They thronged Black­burn Road, a sea of happy faces, talk­ing ea­gerly and gladly of the end of the war.

All else save the glo­ri­ous news of the day was for­got­ten; the prob­lems of to­mor­row were left to take care of them­selves.

They were shak­ing off some of the dull and dead­en­ing ef­fects of the weari­ness and were ab­sorb­ing some of the news and ex­hil­a­rat­ing at­mos­phere that has come with Vic­tory and the end of the war.

By and by, a band ap­peared, led through the streets by a berib­boned sol­dier, and the drums of the Boy Scouts lent their mar­tial throb to the con­stant drone of the talk of the crowd.

It was a great day, and one that will long be re­mem­bered.

Yes­ter­day’s hol­i­day in­fec­tion spread in at least one di­rec­tion that had prob­a­bly never been con­tem­plated.

By the mid­dle of the af­ter­noon, the tram­cars had ceased run­ning.

The tramway em­ploy­ees felt, like ev­ery­body else, that they were en­ti­tled to a hol­i­day, and while I can­not find in my heart to blame them too much, the re­sult was cer­tainly un­for­tu­nate from the point of view of the pub­lic con­ve­nience.

Sup­pose all those who carry on the pub­lic ser­vices - the rail­way­men, the postal work­ers, the gas stok­ers, the elec­tric­ity works staff - had done the same, where should we have been?

It was a mis­take, the re­sult of the ex­u­ber­ance of the mo­ment.

I saw some amus­ing things the day wore on.

In one quar­ter of the town, some in­ge­nious youths had rigged up quite a pass­able ef­figy of the un­crowned Kaiser, hel­met, up­turned mous­tache and all, and that un­happy arch-felon was be­ing un­cer­e­mo­ni­ously hauled about on a clothes line to be fi­nally “burned at the stake” when the time came for the bon­fire light­ing.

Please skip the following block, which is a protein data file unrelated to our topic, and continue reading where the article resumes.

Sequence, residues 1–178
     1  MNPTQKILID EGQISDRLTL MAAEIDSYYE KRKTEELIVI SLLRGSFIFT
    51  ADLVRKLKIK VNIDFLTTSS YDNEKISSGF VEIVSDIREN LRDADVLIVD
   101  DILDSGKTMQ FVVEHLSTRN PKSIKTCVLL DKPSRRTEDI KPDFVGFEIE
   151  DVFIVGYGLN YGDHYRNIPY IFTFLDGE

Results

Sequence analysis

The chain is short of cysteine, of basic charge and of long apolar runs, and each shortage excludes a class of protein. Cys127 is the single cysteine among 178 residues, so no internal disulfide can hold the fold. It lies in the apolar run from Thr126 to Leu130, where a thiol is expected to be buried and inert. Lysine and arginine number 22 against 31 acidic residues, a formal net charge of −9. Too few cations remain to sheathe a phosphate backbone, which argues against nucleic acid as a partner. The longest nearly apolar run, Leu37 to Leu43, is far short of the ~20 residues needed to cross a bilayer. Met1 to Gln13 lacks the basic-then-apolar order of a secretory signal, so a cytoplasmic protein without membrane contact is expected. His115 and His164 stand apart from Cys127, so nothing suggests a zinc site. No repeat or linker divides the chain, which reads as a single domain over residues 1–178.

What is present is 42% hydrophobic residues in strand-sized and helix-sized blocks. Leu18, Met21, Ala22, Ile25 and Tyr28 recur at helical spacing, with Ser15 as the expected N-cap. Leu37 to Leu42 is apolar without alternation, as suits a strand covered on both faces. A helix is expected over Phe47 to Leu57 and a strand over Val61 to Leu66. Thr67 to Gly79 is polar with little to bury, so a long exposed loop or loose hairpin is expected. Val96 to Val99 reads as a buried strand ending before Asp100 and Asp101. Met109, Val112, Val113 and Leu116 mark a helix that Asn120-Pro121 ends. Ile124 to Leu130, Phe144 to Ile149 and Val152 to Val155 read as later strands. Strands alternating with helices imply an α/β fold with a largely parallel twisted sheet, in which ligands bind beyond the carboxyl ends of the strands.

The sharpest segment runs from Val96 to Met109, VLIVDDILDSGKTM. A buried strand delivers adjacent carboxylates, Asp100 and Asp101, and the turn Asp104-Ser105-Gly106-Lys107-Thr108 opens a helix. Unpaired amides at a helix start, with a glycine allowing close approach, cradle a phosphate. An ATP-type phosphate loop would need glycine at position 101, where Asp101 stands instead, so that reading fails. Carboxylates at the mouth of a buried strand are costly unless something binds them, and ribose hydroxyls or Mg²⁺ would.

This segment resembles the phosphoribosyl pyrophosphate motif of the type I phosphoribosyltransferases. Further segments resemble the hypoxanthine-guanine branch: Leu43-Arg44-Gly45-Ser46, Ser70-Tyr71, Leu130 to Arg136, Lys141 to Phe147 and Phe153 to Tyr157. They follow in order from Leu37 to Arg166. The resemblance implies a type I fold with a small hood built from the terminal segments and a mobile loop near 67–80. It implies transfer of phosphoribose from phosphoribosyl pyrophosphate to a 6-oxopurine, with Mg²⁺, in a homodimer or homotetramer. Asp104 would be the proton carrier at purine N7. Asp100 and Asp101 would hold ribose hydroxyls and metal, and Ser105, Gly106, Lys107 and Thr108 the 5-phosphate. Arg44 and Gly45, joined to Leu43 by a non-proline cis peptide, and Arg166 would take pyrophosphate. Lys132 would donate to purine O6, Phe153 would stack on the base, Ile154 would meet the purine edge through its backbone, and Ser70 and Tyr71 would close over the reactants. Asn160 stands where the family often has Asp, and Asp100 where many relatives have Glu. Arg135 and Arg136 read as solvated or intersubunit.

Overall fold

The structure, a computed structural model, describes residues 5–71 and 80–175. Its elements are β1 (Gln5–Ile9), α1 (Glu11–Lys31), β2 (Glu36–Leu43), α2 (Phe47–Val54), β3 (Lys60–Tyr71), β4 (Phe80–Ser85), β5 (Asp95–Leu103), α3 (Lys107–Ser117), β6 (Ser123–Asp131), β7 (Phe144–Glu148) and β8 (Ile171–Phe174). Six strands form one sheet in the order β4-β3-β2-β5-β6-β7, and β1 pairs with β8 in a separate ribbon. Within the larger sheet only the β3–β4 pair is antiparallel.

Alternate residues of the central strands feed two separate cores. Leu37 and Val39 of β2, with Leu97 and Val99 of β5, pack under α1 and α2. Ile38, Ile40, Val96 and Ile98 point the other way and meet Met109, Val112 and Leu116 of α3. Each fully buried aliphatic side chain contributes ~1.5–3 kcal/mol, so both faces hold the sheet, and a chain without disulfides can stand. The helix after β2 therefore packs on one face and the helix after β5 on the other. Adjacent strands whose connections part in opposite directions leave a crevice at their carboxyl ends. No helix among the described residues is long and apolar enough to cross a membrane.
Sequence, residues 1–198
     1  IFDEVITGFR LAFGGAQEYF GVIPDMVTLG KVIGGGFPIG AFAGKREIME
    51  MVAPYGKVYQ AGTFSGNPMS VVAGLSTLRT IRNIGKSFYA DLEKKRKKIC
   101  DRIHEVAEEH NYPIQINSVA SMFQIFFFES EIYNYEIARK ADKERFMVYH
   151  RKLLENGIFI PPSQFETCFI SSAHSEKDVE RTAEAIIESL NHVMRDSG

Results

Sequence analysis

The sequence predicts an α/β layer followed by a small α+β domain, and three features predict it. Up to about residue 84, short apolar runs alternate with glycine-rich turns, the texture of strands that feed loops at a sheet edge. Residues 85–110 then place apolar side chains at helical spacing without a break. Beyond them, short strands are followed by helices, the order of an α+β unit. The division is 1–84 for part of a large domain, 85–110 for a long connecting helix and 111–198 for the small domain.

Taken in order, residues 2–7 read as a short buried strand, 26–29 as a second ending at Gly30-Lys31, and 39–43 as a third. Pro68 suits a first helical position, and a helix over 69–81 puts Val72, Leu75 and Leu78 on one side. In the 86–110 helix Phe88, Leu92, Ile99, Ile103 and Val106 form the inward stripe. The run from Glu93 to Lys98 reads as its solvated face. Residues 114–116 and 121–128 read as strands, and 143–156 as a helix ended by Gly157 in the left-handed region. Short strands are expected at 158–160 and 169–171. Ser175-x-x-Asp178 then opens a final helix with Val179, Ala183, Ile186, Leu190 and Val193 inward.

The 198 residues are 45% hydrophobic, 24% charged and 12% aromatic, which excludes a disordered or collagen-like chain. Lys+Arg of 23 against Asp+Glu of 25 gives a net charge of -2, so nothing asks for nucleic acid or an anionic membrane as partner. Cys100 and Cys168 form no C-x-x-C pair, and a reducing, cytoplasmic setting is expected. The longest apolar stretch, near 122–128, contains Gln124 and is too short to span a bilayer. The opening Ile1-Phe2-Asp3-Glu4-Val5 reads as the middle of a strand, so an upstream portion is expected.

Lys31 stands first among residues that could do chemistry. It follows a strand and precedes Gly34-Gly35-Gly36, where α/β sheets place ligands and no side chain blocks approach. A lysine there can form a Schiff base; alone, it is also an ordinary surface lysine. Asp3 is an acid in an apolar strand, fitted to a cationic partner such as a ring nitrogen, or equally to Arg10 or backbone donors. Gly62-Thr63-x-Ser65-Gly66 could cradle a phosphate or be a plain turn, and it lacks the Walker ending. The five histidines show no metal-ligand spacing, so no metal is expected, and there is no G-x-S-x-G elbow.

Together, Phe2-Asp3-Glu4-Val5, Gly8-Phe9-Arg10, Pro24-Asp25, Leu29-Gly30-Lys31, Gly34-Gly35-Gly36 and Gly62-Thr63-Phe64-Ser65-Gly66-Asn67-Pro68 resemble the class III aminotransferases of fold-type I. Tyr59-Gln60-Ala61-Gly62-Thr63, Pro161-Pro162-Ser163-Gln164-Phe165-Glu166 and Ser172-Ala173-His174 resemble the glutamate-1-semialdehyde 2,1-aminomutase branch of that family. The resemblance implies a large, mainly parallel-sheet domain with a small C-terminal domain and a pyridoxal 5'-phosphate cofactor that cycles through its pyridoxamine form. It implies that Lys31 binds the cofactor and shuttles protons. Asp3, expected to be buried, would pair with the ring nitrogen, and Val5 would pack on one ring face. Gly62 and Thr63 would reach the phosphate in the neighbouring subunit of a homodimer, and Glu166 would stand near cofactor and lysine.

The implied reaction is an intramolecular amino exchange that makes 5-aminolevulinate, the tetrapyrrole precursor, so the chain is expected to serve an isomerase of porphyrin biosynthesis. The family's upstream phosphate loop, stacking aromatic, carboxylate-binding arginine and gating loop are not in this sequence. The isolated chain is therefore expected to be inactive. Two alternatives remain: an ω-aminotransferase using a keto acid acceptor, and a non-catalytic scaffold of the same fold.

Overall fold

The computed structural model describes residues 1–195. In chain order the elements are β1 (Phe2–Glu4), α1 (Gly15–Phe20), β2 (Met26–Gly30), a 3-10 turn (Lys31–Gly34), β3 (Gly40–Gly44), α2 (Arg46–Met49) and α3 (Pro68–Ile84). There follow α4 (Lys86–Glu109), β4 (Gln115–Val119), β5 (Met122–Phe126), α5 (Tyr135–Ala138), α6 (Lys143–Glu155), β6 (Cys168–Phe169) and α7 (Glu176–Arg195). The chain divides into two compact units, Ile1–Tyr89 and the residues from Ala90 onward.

The un­happy Kaiser died many deaths yes­ter­day at the hands of youth­ful ad­min­is­tra­tors of condign jus­tice.

Amid all this re­joic­ing, our thoughts turned of­ten to the ab­sent ones, our sons and broth­ers and hus­bands and friends out yon­der at the front.

One hoped that they too were cel­e­brat­ing the vic­tory they so gal­lantly won.

What a sight that would be if we could have them all come march­ing home again, their hon­ours and their tri­umphs thick upon them! But that can­not be.

Many a long day must elapse be­fore some of us are re­united with those we sent forth to fight our bat­tles.

But we may be sure that they are re­joic­ing with a zest that only those who have shared the vic­tory may prop­erly dis­play.

I wish I could send ev­ery one of them a pho­to­graph of Ac­cring­ton as it was yes­ter­day af­ter­noon when we were do­ing hon­our to them by cel­e­brat­ing the great achieve­ments made pos­si­ble by their sac­ri­fice and their hero­ism.